Veterans released from prison are five times as likely to attempt suicide as their peers who have never been incarcerated, report UConn Health researchers in an article in press in the American Journal of Geriatric Psychiatry.
“People over 50 are the fastest growing segment of the prison population, and most of them will eventually be released,” says UConn Health epidemiologist Lisa Barry. Regardless of a person’s age, release from prison increases the chance of death in the years immediately afterward. But older prisoners tend to have fewer friends and family around when they get released, and may find it even harder to reintegrate into the workforce than the average ex-prisoners, with the double stigma of being a former prisoner and being old. Knowing this, Barry and her colleagues suspected older ex-prisoners were at high risk of suicide attempts, but there was very little data available on the health of older, just-released prisoners.
Barry and her colleagues worked with the Veteran’s Administration to get data from its Suicide Prevention Application Network (SPAN). SPAN tracks suicide attempts by veterans, and includes detailed information including time and date, mechanism of the attempt (hanging, drug overdose, etc.), and whether the veteran has any safety plan to prevent another attempt in the future. The researchers combined SPAN data with the medical records from Medicare and the VA of more than 14,000 people age 50 and older between 2012 and 2014. Approximately half had rejoined the community following incarceration during this time. The other half were counterparts of the same age and gender who had never been incarcerated.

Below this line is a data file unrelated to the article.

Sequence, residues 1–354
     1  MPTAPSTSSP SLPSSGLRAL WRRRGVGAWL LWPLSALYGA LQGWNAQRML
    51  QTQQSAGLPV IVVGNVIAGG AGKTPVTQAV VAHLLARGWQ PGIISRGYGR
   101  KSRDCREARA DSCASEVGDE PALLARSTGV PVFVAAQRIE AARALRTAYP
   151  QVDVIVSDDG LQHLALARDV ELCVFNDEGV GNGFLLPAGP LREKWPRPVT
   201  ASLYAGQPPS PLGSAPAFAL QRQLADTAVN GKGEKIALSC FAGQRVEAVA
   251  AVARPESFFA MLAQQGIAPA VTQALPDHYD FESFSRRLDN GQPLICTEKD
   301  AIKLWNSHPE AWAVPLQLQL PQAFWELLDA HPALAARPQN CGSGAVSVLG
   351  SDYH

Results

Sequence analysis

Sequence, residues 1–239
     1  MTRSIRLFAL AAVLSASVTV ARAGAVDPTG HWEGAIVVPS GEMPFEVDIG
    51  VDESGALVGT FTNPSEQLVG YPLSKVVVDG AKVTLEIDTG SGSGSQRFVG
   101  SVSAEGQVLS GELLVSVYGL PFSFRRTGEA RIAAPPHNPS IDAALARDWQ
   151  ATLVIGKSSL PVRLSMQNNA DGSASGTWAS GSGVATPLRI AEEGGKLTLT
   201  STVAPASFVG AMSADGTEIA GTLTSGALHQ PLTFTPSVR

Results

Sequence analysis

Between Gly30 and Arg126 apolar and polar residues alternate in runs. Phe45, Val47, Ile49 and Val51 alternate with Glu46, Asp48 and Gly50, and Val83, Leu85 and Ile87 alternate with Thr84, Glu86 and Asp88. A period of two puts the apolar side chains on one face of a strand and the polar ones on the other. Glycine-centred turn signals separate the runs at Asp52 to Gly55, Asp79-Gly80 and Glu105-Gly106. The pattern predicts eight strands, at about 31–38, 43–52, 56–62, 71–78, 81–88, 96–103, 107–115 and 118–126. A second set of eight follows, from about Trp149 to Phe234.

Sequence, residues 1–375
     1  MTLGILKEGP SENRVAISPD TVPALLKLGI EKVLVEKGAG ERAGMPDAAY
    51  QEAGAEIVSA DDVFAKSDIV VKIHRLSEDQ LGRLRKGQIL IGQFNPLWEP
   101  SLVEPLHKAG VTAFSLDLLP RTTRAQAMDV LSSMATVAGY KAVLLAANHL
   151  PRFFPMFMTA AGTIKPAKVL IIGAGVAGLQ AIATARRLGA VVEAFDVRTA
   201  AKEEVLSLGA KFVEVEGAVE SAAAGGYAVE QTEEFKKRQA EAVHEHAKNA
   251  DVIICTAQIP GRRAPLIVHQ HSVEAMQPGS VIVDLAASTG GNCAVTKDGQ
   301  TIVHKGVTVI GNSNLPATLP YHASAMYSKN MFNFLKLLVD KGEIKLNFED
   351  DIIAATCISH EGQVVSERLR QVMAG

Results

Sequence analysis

The results were sobering. Veterans who had been incarcerated and then released from prison when they were older than 50 were five times more likely to try to kill themselves than their never-imprisoned counterparts. When the researchers adjusted for conditions including brain trauma, mental illness, and homelessness (all additional risk factors for suicide), those who had been imprisoned were still three times as likely to attempt suicide. They were also more likely to die from accidental drug overdoses and other apparently accidental deaths. Although the rates of death by suicide did not differ between the two groups, “The risk of suicide may be larger than we report. For some of those classified as dying by accident, was there some intent? We may never know,” Barry says. “But there needs to be awareness that this is a high-risk group, and perhaps a need for targeted prevention.”
Barry and her colleagues are currently looking more closely at the healthcare services used by people who attempted suicide versus those who did not. They hope to find patterns that could help identify who is most at risk, and perhaps point to effective preventive strategies that health care providers serving the older population can use to help.
Researchers from UConn Health, the Veterans Administration, University of California-San Francisco, and University of Rochester contributed to this study.